Getting a clear shot of the Milky Way isn’t enough. Just like all other forms of photography, we have to consider composition. The most effective astrophotography shots have a subject, or at least foreground interest, in them.
Try to set your camera up so that the Milky Way will be in frame behind an interesting subject. You could choose a derelict building, a car, or even a person. Just something to help add some scale and interest to your overall photo.
As you can see in the example below, the subjects really make the image something special. So how do we capture them? We’re working in the dark after all! There are two techniques:-
Using a torch, or even the light on your phone, wave the light over the foreground object to illuminate it when the photo is being taken. It might take a few attempts to get the effect of how you want, but it will work very well.
Composite two images:
Another, more advanced, technique is to composite two images together using an editing technique. One image will concentrate on getting the sky perfect, and the other image will concentrate on getting the foreground perfect. This could mean leaving the shutter open for a long time, until the foreground is fully exposed. Remember a longer shutter will make the stars blur, which is why we need two images.
Another variant of this is to shoot the foreground image at blue hour, just after the sun has gone down, and then shoot the stars later in the evening. This trick can ensure your foreground is crisp and noise-free, but it does mean keeping your tripod in exactly the same spot for several hours.
Shooting in the dark means that we can’t rely on autofocus. It’s best to shoot fully manually throughout for astrophotography.
How do you make sure your star photos are sharp?
To set up our manual focussing, use a torch to illuminate the foreground of your composition and then select a point in the frame to focus on. After this, change your camera to manual focus so that the focus locks once you’ve adjusted it.
Sometimes this doesn’t work as our foreground is much too far away for our torch to reach. In this instance, we should look to the stars to check that they’re pin-sharp.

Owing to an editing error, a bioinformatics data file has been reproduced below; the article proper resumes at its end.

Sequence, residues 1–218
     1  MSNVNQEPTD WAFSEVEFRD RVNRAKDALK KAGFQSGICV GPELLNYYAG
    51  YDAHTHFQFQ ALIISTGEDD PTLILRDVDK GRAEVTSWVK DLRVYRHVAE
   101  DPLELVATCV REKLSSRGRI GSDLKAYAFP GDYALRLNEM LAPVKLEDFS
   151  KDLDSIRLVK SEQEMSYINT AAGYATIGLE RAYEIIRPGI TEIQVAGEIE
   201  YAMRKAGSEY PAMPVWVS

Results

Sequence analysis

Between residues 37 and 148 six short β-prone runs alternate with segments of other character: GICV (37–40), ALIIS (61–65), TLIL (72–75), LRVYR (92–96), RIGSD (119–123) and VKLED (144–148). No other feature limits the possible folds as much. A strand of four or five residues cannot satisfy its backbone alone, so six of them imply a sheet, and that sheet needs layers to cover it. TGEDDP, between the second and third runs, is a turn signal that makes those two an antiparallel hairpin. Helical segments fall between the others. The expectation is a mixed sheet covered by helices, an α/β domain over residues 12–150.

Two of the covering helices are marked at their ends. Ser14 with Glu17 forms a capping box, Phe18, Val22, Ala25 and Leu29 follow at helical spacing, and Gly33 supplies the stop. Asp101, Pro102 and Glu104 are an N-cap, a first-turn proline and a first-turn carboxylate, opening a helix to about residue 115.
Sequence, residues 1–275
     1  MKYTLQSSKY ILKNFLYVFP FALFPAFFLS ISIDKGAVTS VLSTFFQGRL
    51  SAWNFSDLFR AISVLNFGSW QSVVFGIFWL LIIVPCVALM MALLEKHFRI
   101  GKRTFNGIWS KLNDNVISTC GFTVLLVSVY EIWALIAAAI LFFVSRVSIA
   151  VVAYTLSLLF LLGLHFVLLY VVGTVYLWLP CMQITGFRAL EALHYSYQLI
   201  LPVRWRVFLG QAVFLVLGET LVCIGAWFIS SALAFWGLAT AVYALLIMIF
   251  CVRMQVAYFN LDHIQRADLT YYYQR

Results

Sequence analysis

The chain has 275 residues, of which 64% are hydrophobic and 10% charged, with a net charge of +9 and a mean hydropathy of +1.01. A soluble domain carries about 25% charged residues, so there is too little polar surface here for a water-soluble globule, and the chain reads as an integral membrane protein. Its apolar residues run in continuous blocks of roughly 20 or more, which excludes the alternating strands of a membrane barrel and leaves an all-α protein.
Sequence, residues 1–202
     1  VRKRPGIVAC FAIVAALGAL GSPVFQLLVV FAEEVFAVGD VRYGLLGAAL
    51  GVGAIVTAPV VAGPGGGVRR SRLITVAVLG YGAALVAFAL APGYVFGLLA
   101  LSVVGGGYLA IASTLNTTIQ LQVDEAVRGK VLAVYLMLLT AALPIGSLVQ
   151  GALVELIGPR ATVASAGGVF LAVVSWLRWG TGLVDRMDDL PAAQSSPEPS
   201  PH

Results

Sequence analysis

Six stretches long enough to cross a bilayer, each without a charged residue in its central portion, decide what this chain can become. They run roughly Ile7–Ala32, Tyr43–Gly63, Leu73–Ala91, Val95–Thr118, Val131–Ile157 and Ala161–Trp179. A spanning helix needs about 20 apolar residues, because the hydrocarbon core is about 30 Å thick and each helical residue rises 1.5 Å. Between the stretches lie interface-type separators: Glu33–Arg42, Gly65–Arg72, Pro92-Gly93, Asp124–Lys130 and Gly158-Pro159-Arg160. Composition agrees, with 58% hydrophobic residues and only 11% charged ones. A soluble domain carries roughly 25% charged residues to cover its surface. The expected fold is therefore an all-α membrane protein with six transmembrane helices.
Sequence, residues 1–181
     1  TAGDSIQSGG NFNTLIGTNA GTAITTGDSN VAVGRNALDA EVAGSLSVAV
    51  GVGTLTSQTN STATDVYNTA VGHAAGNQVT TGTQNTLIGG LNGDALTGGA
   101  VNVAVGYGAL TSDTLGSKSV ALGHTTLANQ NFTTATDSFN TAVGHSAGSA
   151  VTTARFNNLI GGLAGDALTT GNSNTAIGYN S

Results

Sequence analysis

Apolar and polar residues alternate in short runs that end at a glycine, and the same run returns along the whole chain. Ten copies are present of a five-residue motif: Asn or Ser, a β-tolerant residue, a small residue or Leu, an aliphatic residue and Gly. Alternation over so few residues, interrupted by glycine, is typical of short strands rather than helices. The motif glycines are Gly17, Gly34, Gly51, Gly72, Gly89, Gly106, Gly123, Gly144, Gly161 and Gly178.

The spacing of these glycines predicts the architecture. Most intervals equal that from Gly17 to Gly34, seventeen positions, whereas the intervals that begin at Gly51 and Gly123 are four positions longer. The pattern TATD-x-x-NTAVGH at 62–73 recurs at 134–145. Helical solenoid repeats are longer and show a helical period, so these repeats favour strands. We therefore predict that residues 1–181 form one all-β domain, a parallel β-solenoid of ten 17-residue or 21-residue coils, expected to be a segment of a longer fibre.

If your camera has 2x or 4x magnification in manual focus, this is the perfect time to use it. We must zoom in (using the magnification setting on the camera, not using the zoom on the lens) to one particular star. When a star is in focus, it will grow small and pin-like on the back of your camera screen. This is when we know we’ve got the stars perfectly in focus.
A bit of trial-and-error, and lots of checking the results on the back of your camera, is always recommended! Sometimes it can be hard to see the images in the dark, so make sure you zoom in to really check you have nailed the focus.
In both of the above images the foreground was “light painted” to make sure the subjects stood out in the darkness.
You can no longer trust your eyes when you are working in the darkness. Every bit of light seems lighter than it really is. This is why we much consult our histogram as much as possible when shooting astrophotography.
It’s a fine balance between making sure the image is illuminated and making sure the stars don’t over-expose and become completely white. This will show up on the histogram as a peak at the far right side. So long as nothing touches the far right side of the histogram, everything will be recoverable.
It’s better to overexpose as much as you can, without blowing out the stars. This is because it’s much easier to make your image less bright in editing rather than upping the exposure. When you have to pull the exposure up in editing, all the digital noise will rise up with it. So, for astrophotography: overexpose wherever possible, so long as you don’t blow out your stars.
The histogram is your best friend!
1. Prepare, prepare, prepare! Planning is essential so you can get the most out of your trip. If you’re planning a camping trip, try and make it coincide with a new moon.
2. If the clouds are out, check every hour so you can seize the opportunity once they’ve moved.
3. Use the 2-second timer on your camera to take your photos. That way there will be no camera shake in your long exposures.
4. Check your images regularly. Zoom in and check that the stars are sharp and not streaking. Check that the foreground is in focus.
5. Use a red light if you have one. This will preserve your night vision, and if you’re going to a popular place where other night-time photographers maybe, it’s common courtesy to all use a red headlamp so you don’t ruin each other’s night vision.
6. Put your spare batteries in an inside pocket. Somewhere warm. The cooler temperatures will drain your battery life quickly.
Mastering astrophotography can take several attempts, so don’t get disheartened if your first venture doesn’t work 100%. Every time you try, you will learn something new. It is very satisfying to see our improvements over time!
Research as much as you can before venturing out. Getting your camera settings right is only one aspect of this particular genre of photography. You must have the right location, on the right date, with the right weather, at the exact right time!
Look at other people’s photos for inspiration to see which locations close to you have worked successfully.